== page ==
Why hadn’t she paid attention to the niggling in her belly as she’d driven her boat toward the platform? It was impossible to pinpoint exactly when the feeling had started or what had set it off, but it was undeniable. Funny how fear changed things. It turned the platform’s shell-encrusted support beams into a phantom forest. The pinks and purples, leached of all color, were the wan gray of death.
I’ll never come alone again, she promised the Fates or God or the ocean itself.
As she slowly ascended, her eyes searched feverishly for some clue as to what had turned a busy, dynamic reef into a foggy, blue ghost town.
Had she missed something on the trip out here?
She remembered passing the two working platforms closer inland. Nothing strange there. A few miles farther out, just before San Elias Island, she’d spotted the Daphne and drawn her boat up alongside her, as she did nearly every time she came this way. Blushing, of course. Always blushing with that guy.
Slow as syrup, he had leaned against the rail of his boat, lean body indolent-looking, though his face remained serious as always. “Evening, Zoe. Kinda late today, aren’t you?”
She had shrugged, working hard to keep her gaze above chest level so she wouldn’t stare. What was it about this guy that made her want to eat him up with her eyes? He wasn’t even her usual type, which was dark and intellectual. No, this guy had Paul Newman good looks, with the build of a roughneck. She’d bet anything his hands were as coarse as his voice.
“Yeah,” she’d managed to shout against the wind. “Been a couple weeks since I checked in on Polaris.”
“I noticed,” he’d said without the hint of a smile.
The words—straight, serious, and a touch accusatory—did things to her. Good God, what was wrong with her? Those two innocuous words made her heart race more than anything she’d done with her last boyfriend. Ridiculous, considering that Eric showed no more interest in her than in his fishing pole.
Besides, she knew absolutely nothing about him.
“All right.” She reached forward to pull the throttle out, but stopped at his next words.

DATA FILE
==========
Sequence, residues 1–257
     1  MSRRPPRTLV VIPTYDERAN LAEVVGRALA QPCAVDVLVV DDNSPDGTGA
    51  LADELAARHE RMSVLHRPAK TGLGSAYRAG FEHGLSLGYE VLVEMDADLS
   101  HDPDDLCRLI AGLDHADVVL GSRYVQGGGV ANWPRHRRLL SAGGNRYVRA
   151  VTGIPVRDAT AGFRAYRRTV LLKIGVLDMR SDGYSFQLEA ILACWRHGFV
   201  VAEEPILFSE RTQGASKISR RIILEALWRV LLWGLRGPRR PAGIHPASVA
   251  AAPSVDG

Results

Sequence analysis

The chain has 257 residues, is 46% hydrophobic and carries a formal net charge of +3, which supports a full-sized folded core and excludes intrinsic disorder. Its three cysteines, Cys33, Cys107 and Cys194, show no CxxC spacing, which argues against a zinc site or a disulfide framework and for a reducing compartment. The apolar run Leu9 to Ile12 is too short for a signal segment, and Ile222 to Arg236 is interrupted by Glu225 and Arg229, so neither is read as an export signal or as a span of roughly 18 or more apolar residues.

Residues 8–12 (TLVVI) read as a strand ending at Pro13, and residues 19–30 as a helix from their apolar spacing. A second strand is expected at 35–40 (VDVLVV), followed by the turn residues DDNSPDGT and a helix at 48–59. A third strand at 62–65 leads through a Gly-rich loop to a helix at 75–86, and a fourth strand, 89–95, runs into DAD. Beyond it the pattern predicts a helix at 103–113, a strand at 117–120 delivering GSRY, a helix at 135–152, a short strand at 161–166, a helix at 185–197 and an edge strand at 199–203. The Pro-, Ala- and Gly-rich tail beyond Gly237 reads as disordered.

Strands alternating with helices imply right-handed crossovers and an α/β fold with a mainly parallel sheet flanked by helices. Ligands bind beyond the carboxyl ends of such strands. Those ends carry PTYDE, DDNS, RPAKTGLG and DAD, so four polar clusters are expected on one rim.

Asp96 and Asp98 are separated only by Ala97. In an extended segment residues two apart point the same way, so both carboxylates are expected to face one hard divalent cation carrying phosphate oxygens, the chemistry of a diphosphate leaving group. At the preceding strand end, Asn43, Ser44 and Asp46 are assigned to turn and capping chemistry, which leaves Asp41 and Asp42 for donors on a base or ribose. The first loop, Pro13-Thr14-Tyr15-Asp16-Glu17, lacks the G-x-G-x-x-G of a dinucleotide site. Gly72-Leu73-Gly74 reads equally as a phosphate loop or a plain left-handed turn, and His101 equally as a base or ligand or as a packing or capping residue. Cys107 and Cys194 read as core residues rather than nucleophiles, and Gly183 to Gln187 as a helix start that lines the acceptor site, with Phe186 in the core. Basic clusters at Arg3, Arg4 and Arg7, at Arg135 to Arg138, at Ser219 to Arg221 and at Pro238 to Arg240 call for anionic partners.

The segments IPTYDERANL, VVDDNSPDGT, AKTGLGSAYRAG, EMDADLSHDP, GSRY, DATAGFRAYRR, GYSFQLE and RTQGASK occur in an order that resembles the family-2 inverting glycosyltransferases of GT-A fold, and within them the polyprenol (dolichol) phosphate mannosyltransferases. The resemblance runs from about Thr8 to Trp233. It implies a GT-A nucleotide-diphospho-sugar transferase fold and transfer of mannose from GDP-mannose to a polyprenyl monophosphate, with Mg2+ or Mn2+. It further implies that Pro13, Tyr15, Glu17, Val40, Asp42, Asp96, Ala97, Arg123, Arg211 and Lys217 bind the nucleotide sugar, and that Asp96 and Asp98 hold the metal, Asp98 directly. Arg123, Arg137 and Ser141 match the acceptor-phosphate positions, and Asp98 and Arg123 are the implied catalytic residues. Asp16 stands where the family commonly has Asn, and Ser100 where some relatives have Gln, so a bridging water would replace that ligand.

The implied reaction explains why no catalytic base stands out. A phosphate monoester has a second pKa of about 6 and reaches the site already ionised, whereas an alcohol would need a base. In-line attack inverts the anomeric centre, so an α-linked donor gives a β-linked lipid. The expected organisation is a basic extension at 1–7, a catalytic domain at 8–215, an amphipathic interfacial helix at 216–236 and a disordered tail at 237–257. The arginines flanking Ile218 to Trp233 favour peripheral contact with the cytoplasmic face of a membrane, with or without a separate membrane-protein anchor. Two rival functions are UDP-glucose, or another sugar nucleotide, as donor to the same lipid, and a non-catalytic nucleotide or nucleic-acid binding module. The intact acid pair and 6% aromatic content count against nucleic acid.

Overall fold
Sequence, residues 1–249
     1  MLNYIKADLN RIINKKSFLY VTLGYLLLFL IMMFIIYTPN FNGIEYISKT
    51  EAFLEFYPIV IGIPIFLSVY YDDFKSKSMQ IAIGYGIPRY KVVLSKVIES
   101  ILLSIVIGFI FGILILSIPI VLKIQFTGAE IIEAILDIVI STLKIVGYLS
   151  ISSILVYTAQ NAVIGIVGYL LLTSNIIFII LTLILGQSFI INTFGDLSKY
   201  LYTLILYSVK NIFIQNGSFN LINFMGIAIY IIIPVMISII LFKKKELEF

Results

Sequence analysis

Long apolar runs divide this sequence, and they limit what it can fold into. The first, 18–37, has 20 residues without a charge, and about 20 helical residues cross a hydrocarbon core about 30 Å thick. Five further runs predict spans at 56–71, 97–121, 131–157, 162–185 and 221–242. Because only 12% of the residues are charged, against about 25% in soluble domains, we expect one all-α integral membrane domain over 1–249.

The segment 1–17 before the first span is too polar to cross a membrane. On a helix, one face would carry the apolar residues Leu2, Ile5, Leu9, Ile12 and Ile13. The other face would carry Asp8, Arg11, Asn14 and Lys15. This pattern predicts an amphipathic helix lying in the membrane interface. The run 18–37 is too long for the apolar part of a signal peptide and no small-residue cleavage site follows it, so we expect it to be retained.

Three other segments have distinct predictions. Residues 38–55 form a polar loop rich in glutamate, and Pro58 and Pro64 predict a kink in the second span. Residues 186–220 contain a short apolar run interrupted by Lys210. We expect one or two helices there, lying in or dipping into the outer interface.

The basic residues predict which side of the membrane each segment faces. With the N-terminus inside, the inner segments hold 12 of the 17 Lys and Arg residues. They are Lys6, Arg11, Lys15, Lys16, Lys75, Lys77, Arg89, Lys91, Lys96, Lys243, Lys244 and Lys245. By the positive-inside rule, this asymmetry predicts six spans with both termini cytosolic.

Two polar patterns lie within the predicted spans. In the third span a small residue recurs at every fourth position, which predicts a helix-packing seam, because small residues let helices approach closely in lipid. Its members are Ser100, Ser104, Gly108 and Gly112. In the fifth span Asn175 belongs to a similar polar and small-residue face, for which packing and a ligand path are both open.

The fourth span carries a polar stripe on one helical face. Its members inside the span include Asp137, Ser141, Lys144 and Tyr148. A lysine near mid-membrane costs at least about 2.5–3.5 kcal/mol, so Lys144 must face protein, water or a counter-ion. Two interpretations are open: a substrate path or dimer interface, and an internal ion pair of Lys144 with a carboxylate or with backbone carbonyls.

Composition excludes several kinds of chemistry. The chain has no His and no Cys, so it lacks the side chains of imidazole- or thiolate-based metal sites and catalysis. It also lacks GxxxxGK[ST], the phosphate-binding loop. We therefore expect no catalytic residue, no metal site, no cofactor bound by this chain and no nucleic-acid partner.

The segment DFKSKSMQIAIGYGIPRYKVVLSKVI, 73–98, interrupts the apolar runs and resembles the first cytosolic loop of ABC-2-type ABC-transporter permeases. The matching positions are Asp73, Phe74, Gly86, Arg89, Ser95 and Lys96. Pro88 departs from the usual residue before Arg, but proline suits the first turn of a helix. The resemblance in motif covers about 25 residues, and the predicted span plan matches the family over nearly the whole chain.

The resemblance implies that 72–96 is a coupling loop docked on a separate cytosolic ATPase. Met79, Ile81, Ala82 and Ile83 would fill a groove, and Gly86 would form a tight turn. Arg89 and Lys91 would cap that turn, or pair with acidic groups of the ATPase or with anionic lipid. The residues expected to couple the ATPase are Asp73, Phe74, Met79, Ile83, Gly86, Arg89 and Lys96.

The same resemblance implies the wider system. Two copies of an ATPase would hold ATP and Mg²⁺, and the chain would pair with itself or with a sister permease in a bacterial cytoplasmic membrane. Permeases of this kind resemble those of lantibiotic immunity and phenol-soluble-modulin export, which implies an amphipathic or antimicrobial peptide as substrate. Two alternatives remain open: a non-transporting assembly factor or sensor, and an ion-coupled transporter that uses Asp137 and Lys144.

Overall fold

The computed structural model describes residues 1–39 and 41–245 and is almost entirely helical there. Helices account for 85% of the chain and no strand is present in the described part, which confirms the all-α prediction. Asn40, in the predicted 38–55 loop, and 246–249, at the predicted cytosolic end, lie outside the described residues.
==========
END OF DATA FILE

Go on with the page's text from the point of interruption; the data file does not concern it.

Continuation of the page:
“You alone today?”
“Yeah,” she had to admit. “Jane’s not—”
“You diving the rig?”
“Yes.” She had sounded defensive. Weird how that came back to her now, with a hiccup of embarrassment.
The lines around his mouth tightened, his too-blue eyes narrowed, and he nodded once, quick and short.
“Careful. Weather headed our way.”
When his worry warmed her insides instead of sparking a snarky Yes, sir, she’d known she should get out of there. Throwing him a smile and a wave, she’d taken off as fast as she could. Everything about the man said trouble—for her, at least. Oh, he’d always been friendly and respectful, but it was the unspoken stuff that got to her, like the hungry way he eyed her or, much more worrisome, the way that look lit her up inside.
She should have listened to his warning about weather, should have turned around right there and headed back to the mainland. Or, even better, she should have paused there longer, flirted a bit, maybe even screwed up the courage to finally ask him out.
But she hadn’t. And now she was pushing back the panic and slowly working through the eerie calm to the surface, which seemed to be getting farther away with every kick of her fins.
Inhale…stop kicking. Loosen up. Be big. Exhale…
The sound hit her, and she threw up her hands to cover her ears. Less than a second later, the rig’s supports shook, releasing a blinding dust cloud that could mean only one thing—earthquake.
Oh God, oh God, oh God. At fifteen feet below the surface, she fought the desire to head all the way up and counted down the seconds for her three-minute safety stop.
Calm down. I’m better off in the water than on land.
Not if the platform collapsed.
She’d never been scared like this on a dive, never shivered so hard underwater.
Another gray puff billowed from the platform, joining the dust rising from the depths like smoke from a forest fire.
She didn’t have to check her gauge to know she was running low on air.
Yeah, I’m done here.